Police search hotel room of Barloworld's Dueñas
Spanish rider Moisés Dueñas has become the second rider to register a non-negative test for banned blood booster erythropoietin at the Tour de France. The results came from a sample taken from the Barloworld rider after the Grand Tour's first time trial, Stage 4 on July 8 in Cholet, according to head of the French Anti-doping Agency (AFLD) Pierre Bordry.
French authorities reportedly spent two hours searching the rider's room at Le Rex, the team hotel where Barloworld and Bouygues Telecom were staying in Tarbes, France. Only one room is believed to have been searched by French authorities during the morning, number 604 – that of the Spanish rider.
News of Dueñas' test result has spread quickly after confirmation this morning from the senior French anti-doping agency figure, including on LEquipe.fr - a newspaper owned by the same parent company as the Tour. The rider held 19th position on general classification heading into today's Stage 11, which he is unlikely to contest.
Dueñas has been a professional since 2004 with his biggest success to date victory at the Tour de l'Avenir in 2006. He won a stage and the overall of the Regio Tour last year.
The 27 year-old started out his career at Spanish team Relax-Fuenlabrada, before moving to Agritubel for the 2006 and 2007 seasons. Dueñas joined Barloworld at the beginning of this season, with the squad again one of a select number of Professional Continental squads to be invited to the prestigious French race. The Spaniard has no wins this year, but was hoping to aim high in the Tour.
Dueñas hails from Salamanca in central Spain. Barloworld's team-manager Claudio Corti wasn't available for comment as the news broke.
Dueñas is the second rider to register a non-negative sample at this year's Tour de France. On July 12 news broke that fellow Spaniard Manuel Beltrán from the Liquigas squad also tested non-negative to EPO, with the rider thrown out of the Tour immediately. Beltrán is awaiting the results of his B-sample test to learn his fate, with Liquigas already confirming the rider will be dumped if the second test upholds the results from his first sample.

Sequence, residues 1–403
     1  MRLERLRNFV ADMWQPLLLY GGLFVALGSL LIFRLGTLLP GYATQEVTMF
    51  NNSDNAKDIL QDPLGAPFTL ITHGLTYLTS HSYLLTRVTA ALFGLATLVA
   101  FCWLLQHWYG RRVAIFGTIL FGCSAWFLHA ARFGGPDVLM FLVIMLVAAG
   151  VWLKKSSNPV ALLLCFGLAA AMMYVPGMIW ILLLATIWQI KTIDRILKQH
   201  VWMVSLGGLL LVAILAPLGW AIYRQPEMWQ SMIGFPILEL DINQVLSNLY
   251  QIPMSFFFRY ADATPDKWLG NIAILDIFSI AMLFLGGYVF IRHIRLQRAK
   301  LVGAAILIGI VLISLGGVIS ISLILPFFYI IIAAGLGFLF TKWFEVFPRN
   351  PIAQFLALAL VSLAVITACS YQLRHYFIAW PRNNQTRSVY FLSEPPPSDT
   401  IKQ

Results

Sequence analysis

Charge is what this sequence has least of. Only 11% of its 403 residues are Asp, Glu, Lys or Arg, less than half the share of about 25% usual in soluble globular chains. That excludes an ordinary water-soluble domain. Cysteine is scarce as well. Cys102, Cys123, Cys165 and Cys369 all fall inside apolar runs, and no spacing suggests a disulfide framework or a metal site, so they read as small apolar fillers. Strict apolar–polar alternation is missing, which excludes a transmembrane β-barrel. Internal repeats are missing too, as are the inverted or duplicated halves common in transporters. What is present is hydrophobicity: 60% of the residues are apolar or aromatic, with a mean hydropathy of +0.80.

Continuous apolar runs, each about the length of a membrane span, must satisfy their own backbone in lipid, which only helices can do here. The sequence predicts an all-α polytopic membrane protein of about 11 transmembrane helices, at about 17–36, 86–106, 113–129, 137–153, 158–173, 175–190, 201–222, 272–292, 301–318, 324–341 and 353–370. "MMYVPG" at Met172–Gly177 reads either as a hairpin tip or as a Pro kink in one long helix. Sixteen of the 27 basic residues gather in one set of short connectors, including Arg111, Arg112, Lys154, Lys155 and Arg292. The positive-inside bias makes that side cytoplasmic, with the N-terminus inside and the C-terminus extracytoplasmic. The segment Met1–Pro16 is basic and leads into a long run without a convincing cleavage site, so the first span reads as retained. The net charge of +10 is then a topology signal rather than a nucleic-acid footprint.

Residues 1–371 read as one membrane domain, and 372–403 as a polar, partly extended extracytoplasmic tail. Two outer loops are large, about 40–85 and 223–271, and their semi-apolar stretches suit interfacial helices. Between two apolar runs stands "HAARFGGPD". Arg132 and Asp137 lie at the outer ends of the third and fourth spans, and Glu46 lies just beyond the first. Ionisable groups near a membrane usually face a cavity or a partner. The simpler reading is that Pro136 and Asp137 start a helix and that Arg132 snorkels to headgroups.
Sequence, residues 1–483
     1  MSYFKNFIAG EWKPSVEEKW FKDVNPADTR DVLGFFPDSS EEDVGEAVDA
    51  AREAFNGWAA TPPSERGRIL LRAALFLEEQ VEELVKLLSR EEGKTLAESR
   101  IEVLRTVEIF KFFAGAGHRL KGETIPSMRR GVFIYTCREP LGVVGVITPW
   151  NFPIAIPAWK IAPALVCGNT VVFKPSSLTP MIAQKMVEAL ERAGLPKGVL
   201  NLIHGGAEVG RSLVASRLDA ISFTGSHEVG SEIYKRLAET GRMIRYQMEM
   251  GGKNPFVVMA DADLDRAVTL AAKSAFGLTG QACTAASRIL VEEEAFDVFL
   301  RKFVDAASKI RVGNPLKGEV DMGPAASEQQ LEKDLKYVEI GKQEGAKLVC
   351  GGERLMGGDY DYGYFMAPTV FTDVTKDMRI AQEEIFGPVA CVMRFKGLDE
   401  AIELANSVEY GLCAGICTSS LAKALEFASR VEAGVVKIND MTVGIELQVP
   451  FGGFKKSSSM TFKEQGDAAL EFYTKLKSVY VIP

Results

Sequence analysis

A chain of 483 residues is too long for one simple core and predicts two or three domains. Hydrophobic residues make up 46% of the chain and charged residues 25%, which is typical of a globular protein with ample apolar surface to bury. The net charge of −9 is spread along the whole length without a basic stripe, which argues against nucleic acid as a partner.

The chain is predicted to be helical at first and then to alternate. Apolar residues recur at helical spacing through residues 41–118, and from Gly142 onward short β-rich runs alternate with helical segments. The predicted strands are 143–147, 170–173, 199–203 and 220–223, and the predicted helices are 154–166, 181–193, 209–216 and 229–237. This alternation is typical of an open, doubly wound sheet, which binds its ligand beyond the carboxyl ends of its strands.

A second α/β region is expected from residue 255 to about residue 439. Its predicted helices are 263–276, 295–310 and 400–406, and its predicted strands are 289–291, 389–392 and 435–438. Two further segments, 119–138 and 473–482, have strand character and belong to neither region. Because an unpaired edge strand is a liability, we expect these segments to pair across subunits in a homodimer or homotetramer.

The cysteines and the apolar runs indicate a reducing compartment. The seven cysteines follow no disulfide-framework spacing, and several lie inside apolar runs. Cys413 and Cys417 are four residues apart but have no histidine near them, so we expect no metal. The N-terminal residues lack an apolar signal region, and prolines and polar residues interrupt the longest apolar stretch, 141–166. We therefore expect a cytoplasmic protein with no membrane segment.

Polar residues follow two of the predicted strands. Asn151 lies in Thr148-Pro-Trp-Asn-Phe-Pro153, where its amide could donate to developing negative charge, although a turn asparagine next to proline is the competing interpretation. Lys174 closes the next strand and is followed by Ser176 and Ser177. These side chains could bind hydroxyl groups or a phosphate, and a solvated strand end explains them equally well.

French newspaper L'Equipe reported that Beltran was one of 10 riders found by the AFLD to have abnormal blood values in the days prior to the Tour. On July 3 and 4, the AFLD performed blood tests on riders "to allow for subsequent targeted doping tests during the Tour de France", the agency announced Friday.
The other nine riders who showed abnormal results were to be informed last weekend by AFLD, but the agency said that it would take no action against the riders other than to suggest that they submit the results to their team doctor "because of the possibility of a health risk", a statement read.
The AFLD said that it does not have the results of the same riders' testing which was performed in the first half of the year as part of the UCI's blood passport program, but "in the spirit of cooperation with the international federation" it would forward the results to the UCI for inclusion with those riders' profiles.
AFLD has been contracted to carry out anti-doping procedures at this year's Tour, which is governed by the French Cycling Federation following event organiser ASO's falling-out with the sport's international governing body Union Cycliste Internationale. All teams competing in the non-UCI event had to sign contracts with ASO prior to taking part, which were said to include strict measures to deal with breaches of the doping regulations.
The Tour was rocked in 2007 by a number of positive samples, with the most high-profile coming from former Astana rider Alexandre Vinokourov. The Kazakh's positive led to his Astana squad being thrown out of the Tour and disallowed from contesting this year's event – despite undergoing a complete restructure under new management.
Cyclingnews.com will have more on this as it unfolds.